The NCAA Tournament has spawned a countless number of wildly memorable contests since the best teams in college basketball first faced off for a postseason showdown all the way back in 1939.
You don’t need to tune in to too many games to understand why the event is synonymous with the “March Madness” moniker Brent Musburger first deployed on CBS in 1982 while covering the action for the network.
There are a number of different factors that have played a significant role in Madness becoming the annual spectacle we’ve come to know and love.
Fans have some extra incentive to care about how things pan out thanks to the ever-popular bracket pools that play a role in the billions of dollars companies across the United States lose each year due to the tournament’s impact on employee productivity.
However, I think most viewers are more intrigued by the Cinderella stories that have routinely emerged over the years and the promise of the wildly unlikely upsets that make them possible.
Those last two elements are linked by one thread that really makes March Madness so magical: knowing that you can’t really count any team out until the final buzzer sounds.
Northern Iowa learned that the hard way in 2016 when it fell victim to what is easily the most dramatic collapse in the history of the NCAA Tournament by losing to Texas A&M after the Aggies were able to force overtime despite facing a 12-point deficit with less than 45 seconds remaining in the contest.
You could certainly argue that was the most monumental comeback in the history of March Madness.
However, if you want to get a bit more literal about the definition of “comeback,” you have to go back a few more years to a game where another team was able to escape from the biggest hole any squad has successfully dug themselves out of while playing in The Big Dance.
How BYU stunned Iona to pull off the biggest comeback in March Madness history
I know there are plenty of college basketball purists out there who would argue the “March Madness” label should only be applied to the 63 games that are played between the first round and the national championship and not the “First Four” that was first introduced in 2011.
When you consider the comeback in question unfolded in that qualifying round just one year after it was introduced, I know plenty of people reading this would be unable to resist the urge to send a “UMMM, ACTUALLY…” message my way if I failed to acknowledge the differentiate.
As a result, I’d like to preempt the biggest comeback in March Madness history with what is technically the second-largest one to ever transpire thanks to what went down when Duke and Maryland faced off in the Final Four in 2001.
Mike Krzyzewski and the top-seeded Blue Devils were hoping to bring a title back to Durham for the first time since 1992, while the third-seeded Terrapins were still in search of their first national championship in the history of a program that played its first game in 1904.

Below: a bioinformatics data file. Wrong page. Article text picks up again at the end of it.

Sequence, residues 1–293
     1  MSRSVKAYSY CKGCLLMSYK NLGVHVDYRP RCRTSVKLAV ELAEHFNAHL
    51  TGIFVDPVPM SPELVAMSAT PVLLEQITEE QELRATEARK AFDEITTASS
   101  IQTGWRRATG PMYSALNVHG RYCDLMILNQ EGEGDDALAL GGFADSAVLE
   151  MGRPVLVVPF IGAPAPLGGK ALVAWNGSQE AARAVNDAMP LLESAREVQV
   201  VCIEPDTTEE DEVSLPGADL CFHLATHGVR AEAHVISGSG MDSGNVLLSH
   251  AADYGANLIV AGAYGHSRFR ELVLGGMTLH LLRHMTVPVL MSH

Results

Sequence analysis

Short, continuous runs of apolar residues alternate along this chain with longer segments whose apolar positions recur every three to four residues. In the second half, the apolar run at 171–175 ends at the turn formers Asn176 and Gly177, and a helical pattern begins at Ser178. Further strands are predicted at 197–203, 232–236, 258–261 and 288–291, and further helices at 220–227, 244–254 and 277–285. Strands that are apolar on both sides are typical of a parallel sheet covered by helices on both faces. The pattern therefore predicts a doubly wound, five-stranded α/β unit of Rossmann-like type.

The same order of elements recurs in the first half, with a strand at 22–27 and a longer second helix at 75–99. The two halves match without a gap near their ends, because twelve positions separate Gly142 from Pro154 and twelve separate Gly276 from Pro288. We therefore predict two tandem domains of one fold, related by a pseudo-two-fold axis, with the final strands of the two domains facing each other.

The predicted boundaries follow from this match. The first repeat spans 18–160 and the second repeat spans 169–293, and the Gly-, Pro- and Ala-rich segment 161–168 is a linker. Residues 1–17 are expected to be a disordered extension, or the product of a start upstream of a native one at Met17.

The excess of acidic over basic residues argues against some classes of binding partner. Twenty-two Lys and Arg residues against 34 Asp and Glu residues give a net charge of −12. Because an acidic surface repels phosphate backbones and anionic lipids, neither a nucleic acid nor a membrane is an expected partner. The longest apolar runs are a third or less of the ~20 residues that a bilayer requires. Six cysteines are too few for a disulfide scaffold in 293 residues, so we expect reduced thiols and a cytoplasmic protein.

At first, it looked like Maryland was well on its way to punching its ticket to the final. The team pulled out to a 22-point lead in the first half, and while Duke was able to make up some lost ground, it still trailed by a score of 48-39 heading into halftime.
Unfortunately, the Terrapins were unable to stop the slide from continuing after emerging from the locker room.
The Blue Devils slowly but surely scraped back until taking a one-point lead with around seven minutes remaining in the second half, and that number continued to grow until they officially capped off the comeback with a 95-84 victory.
If you’re one of the aforementioned fans who refuse to give the First Four the legitimacy it craves, you can stop reading there (but hey, you’ve made it this far; it’s just a few more sentences).
To paraphrase Justin Timberlake’s character in The Social Network: a 22-point comeback isn’t the biggest one in March Madness history? You know what is? A 25-point comeback.
That was the size of the uphill battle Brigham Young University found itself facing in 2012 during its First Four showdown with Iona, which led by that much with a little over six minutes to go in a first half that ended with the Gaels up 55-40.
The Cougars could take some solace in knowing they were able to hold Iona scoreless for the last four-and-a-half minutes of the opening frame and crawled back a bit with the 10 unanswered points they put up during that span.
It’s safe to say BYU kept that momentum going once they stepped back out onto the hardwood.
Iona did start the second half on a 7-4 run, but their opponents went on a 13-0 run to narrow the margin to five with around 10 minutes remaining.
The Cougars completed the comeback when Noah Hartsock drilled a three-pointer from the corner to give his squad their first lead of the game with 2:25 left on the clock. They wouldn’t trail for the remainder of the contest, which ended with BYU securing the 14-seed with the 78-72 win.